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    that last 1 a /swap or just swap

  7. #17
    Linux Guru smolloy's Avatar
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    Re: Help installing mandrake 10.1

    Quote Originally Posted by AlexK
    Quote Originally Posted by smolloy
    I think, and correct me if I'm wrong, that it's not possible to partition your disk in a way that linux would be happy with using the XP install disk. If it was then no one would buy Partition Magic!!!
    Heres a little tip the nice folks at Partition magic don't want you to know. You can use the XP install disk to create partitions, only during the install of XP. As long as you leave the 2nd partition unformatted, any linux can be installed on that without any troubles.
    Good tip AlexK. I had no idea!!! So during the install of XP, you make a nice small NTFS partition to put XP on and leave the rest bare for a later linux installation?? Nice!

    TaTonkax -- you should google around a bit on partitioning and installation. There are loads of different ways to do it, but you say your new at this, so here's a nice basic explanation.

    Windows and linux cannot be installed on the same drive, so there are two options. One is to buy a new drive, but this may not be what you want. The other is to split your existing drive into 2 or more "fake" drives. These are known as partitions. One partition you install windows on, and another can be for linux.

    Now both windows and linux can use the hard drive as RAM for memory intensive things, i.e. a certain amount of the hard drive is devoted to being fake RAM. In windows this is called the page file, and in linux it's called "swap". So you should also create a swap partition -- normally twice the size of your RAM up to a limit of 1GB.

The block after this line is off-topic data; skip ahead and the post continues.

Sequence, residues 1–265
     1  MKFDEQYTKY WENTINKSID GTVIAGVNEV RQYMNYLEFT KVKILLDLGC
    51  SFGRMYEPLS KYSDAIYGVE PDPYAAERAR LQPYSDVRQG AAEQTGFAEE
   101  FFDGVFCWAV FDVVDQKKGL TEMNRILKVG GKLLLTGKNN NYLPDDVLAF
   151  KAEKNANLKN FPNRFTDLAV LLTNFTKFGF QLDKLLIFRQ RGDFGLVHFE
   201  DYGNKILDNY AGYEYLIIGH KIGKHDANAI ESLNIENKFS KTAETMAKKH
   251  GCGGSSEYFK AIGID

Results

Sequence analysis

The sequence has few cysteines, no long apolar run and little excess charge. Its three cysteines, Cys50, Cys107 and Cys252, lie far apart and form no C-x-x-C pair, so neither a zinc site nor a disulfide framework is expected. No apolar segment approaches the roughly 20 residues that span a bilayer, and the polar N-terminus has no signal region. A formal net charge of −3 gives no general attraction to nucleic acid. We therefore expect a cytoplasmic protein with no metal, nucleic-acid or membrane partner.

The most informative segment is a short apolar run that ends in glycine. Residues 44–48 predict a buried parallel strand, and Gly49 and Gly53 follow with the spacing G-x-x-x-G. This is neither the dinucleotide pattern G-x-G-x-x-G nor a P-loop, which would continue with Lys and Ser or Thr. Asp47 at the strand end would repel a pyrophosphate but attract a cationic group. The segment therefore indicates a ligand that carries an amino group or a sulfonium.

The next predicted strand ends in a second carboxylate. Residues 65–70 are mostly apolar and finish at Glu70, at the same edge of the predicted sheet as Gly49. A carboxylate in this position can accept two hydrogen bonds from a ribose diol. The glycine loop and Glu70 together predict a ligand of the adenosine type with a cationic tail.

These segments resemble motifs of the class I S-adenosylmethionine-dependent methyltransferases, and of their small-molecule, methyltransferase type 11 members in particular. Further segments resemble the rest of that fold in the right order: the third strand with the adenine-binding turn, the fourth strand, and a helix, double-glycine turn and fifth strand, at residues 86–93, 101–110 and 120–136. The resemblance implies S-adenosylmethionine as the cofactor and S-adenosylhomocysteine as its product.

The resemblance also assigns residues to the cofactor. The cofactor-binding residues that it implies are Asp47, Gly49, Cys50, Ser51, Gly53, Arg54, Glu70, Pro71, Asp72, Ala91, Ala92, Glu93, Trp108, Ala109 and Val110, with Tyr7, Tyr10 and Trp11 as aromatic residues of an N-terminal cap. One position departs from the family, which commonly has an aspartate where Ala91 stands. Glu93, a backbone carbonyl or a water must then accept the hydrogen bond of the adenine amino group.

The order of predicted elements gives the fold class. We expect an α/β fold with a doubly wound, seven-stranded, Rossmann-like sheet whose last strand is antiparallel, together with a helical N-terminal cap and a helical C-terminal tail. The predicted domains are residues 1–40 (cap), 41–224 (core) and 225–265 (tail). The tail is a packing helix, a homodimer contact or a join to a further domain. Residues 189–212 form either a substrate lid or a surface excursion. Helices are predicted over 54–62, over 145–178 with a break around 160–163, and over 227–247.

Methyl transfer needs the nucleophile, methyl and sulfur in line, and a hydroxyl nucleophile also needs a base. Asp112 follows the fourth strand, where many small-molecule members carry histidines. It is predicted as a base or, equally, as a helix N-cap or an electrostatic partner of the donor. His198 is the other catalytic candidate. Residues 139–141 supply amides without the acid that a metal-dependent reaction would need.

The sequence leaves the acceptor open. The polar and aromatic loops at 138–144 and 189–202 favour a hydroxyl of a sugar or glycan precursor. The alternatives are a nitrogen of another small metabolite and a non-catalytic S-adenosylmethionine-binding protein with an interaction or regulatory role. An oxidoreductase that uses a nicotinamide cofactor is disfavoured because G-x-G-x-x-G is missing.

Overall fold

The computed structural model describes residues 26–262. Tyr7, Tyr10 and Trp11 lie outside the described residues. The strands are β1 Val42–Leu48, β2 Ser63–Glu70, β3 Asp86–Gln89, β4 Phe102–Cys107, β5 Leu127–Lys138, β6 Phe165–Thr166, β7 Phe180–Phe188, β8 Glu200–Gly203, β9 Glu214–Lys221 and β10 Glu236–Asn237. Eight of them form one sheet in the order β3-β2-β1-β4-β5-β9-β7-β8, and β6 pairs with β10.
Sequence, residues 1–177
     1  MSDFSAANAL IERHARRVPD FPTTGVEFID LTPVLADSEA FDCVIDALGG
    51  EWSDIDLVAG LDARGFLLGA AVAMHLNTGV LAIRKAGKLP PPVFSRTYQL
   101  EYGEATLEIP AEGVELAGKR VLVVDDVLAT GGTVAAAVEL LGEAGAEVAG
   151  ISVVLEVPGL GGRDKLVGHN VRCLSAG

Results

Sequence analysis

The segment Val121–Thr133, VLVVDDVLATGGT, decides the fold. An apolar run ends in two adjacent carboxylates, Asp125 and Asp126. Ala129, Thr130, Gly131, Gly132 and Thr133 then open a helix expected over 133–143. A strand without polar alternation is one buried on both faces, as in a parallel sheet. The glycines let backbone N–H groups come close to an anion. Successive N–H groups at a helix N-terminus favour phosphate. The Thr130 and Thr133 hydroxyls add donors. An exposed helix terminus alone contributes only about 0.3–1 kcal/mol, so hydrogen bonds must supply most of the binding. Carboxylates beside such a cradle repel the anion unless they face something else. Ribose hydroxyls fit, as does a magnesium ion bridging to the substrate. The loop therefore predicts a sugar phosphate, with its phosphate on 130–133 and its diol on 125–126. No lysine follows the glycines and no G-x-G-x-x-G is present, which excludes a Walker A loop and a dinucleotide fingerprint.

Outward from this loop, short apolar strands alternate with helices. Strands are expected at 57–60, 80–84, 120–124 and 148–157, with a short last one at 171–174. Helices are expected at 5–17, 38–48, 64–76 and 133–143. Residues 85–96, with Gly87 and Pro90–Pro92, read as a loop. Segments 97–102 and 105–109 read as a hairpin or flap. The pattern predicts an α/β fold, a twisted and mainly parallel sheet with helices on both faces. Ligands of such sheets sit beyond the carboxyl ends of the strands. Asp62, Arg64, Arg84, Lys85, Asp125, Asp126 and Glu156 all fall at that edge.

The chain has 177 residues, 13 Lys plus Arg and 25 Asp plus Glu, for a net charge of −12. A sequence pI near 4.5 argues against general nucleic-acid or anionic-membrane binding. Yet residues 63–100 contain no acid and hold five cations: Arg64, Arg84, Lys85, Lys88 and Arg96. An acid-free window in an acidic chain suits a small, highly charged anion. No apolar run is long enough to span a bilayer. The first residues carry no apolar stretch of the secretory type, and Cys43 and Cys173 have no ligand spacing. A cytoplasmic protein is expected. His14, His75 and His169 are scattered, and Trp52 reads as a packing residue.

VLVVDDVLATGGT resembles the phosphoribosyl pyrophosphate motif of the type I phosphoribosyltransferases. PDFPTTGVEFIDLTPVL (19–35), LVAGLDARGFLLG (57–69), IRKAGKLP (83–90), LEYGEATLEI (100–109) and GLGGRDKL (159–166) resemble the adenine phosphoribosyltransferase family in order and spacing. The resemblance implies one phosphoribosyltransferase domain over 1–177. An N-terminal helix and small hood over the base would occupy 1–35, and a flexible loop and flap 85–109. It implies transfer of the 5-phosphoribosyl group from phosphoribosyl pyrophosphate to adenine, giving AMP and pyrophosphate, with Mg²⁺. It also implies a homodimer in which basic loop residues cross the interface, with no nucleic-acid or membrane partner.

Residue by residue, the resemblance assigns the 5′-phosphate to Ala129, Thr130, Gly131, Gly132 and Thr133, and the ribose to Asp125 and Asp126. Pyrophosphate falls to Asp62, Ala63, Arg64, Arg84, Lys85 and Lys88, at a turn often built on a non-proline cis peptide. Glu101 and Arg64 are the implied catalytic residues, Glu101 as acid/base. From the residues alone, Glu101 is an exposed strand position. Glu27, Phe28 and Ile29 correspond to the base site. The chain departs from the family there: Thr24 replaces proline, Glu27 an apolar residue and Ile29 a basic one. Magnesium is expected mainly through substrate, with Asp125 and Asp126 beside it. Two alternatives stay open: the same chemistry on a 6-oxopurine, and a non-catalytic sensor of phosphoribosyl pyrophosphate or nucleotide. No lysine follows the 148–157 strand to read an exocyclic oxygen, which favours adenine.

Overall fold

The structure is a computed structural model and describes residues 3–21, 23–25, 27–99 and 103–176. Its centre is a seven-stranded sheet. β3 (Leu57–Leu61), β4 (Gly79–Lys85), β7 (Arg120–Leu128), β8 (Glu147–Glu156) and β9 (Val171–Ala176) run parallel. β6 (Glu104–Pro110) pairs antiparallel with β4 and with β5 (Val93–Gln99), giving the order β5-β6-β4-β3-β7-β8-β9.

You say you don't want to dual boot. If you're sure of this, then use qtparted to make a swap partition at the start of the drive, and make leave the rest empty for the linux installation. Most installations that I am aware of will take care of the formatting of this blank section and will install linux here.

    OK??

    EDIT:: I would recommend going with AlexK's last suggestion until you get the hang of things. A 1GB swap, and the rest "/"
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  8. #18
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    ok i got that, what is "md5sum"

  9. #19
    Linux Guru smolloy's Avatar
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    Quote Originally Posted by TaTonkax
    ok i got that, what is "md5sum"
    Any time you download such a large file there is a small chance that there will be an error in the download. The md5sum is the result of running a test on the file you downloaded, and it will be 24 (I think) letters and numbers. You compare this with the md5sums given by the folks you're downloading it from and they should match. If not, you've got a bad download, and you should start again. If they match, you're good to go!!!!

    Most of the time the md5sum file is included in the list of iso files you can download. Google around to get a free md5sum calculator for windows that you can use to check your downloads -- there are quite a few out there.
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  10. #20
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    Mandrake 10.1 support

    I have installed 10.1 from a cd included with a Linux Format magazine.
    This was a flawless , easy and complete install.
    Now, I tried getting update info, and surprise!!!!!!!!! Mandrakesoft no longer exists in the internet. !!!!! none of the mandrakexxxx sites can be accessed, and only a verisign page comes up with the message the page is under development. HA!!!! this same message I got with Mandrake 7 many a year past !!!!.
    I visited Mandriva's but no info on mandrake 10.1.

    Any comments, anyone???

    Jaime